The crowd bore him off at their head, and the din broke out again.
The new Mayor strutted among them with lifted chin and a radiant
face. He thought it glorious. His mother ran into the cottage,
fetched a bottle and followed after the dusty tail of the procession.
Once, as they were passing a running stream, she halted and filled
the bottle carefully, emptying it again and again until the film
outside the glass was to her liking. Then she followed again, and
came to Dragon's Moor.
They sat the Mayor on a mound, took off his hat, placed a crown on
his head and a broomstick in his hand, and brought him the cases to
The first was a grey mare, possessed (they alleged) with a devil.
Her skin hung like a sack on her bones.
"'Tis Eli Thoms' mare. What's to be done to cure her?" they asked.
"Let Eli Thoms buy a comb, an' comb his mare's tail while she eats
her feed. So Eli'll know if 'tis the devil or no that steals oats
from his manger."
They applauded his wisdom and brought forward the woman who had
pleaded just now with his mother.
"Who made her?" he asked, having listened to the charge.
"God, 'tis to be supposed."
"God makes no evil."
"The Devil, then."
"Then whack the Devil."
They fell on the pasteboard dragon and belaboured him. The sun
poured down on the Mayor's throne; and his mother, who sat by his
right hand wondering at his sense, gave him water to drink from the
bottle. They brought a third case—a boy who had been caught
torturing a cow. He had taken a saw, and tried to saw off one of her
horns while she was tethered in her stall.
The Mayor leapt up from his seat.
"Kill him!" he shouted, "take him off and kill him!" His face was
twisted with passion, and he lifted his stick. The crowd fell back
for a second, but the old woman leant forward and touched her son
softly on the leg. He stopped short: the anger died out of his face,
and he shivered.
"No," he said, "I was wrong, naybours. The boy is mad, I think; an'
'tis a terrible lot, to be mad. This is the Devil's doing, out o'
doubt. Beat the Devil."
"Simme," said one in the crowd, "the sins o' Gantick be wearin' out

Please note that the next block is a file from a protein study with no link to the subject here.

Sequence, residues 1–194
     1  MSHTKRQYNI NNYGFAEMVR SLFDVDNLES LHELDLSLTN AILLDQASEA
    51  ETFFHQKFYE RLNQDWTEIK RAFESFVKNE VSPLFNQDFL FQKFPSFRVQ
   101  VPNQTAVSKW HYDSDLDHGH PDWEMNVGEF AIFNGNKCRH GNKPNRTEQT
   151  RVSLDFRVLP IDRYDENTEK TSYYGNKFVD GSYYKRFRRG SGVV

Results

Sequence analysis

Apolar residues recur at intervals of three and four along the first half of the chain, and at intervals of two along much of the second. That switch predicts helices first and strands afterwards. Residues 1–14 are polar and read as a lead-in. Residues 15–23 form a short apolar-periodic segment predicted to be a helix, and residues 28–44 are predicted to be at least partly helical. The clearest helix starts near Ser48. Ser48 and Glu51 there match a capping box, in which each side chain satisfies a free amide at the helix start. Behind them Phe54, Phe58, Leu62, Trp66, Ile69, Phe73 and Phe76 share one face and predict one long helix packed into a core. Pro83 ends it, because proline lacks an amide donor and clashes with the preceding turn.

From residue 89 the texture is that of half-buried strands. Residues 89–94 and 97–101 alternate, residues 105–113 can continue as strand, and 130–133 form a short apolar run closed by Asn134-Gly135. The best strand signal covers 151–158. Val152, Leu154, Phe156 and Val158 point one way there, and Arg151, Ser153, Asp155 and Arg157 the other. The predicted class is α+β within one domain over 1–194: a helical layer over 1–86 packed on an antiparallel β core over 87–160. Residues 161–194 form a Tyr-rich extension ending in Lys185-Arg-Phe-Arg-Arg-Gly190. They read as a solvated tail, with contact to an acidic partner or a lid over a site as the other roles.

the smoky man at a terrible rate."
"Ay," answered another, "His Naughtiness bain't ekal to Gantick."
And this observation was the original of a proverb, still repeated—
"As naughty as Gantick, where the Devil struck for shorter hours."
There was no cruelty that day on Dragon's Moor. All the afternoon
the mad Mayor sat in the sun's eye and gave judgment, while his
mother from time to time wiped away the froth that gathered on his
lips, and moistened them with water from her bottle. From first to
last she never spoke a word, but sat with a horror in her eyes, and
watched the flushed cheeks of this grown-up, bearded son. And all
the afternoon the men of Gantick brayed the Devil into shreds.
I said there was no cruelty on Dragon's Moor that day. But at
sundown the Mayor turned to his mother and said—
"We've been over-hasty, mother. We ought to ha' found out who made
the Devil what he is." At last the sun dropped; a shadow fell on the
brown moors and crept up the mound where the mother and son sat.
The brightness died out of the Mayor's face.
Three minutes after, he flung up his hands and cried, "Mother—my
head, my head!"
She rose, still without a word, pulled down his arms, slipped one
within her own, and led him away to the road. The crowd did not
interfere; they were burying the broken dragon, with shouts and rough
A woman followed them to the road, and tried to clasp the Mayor's
knees as he staggered. His mother beat her away. "Off wi' you!" she
cried; "'tis your reproach he's bearin'."
She helped him slowly home. In the shadow of the cottage the
inspired look that he had worn all day returned for a moment. Then
a convulsion took him, casting him on the floor.
At nine o'clock he died, with his head on her lap.
She closed his eyes, smoothed the wrinkles on his tired face, and sat
watching him for some time. At length she lifted and laid him on the
deal table at full length, bolted the door, put the heavy shutter on
the low window, and began to light the fire.
For fuel she had a heap of peat-turves and some sticks. Having lit
it, she set a crock of water to warm, and undressed the man slowly.
Then, the water being ready, she washed and laid him out, chafing his
limbs and talking to herself all the while.
"Fair, straight legs," she said; "beautiful body that leapt in my
side, forty years back, and thrilled me! How proud I was! Why did
God make you beautiful?"
All night she sat caressing him. And the smoke of the peat-turves,
finding no exit and no draught to carry them up the chimney, crept
around and killed her quietly beside her son.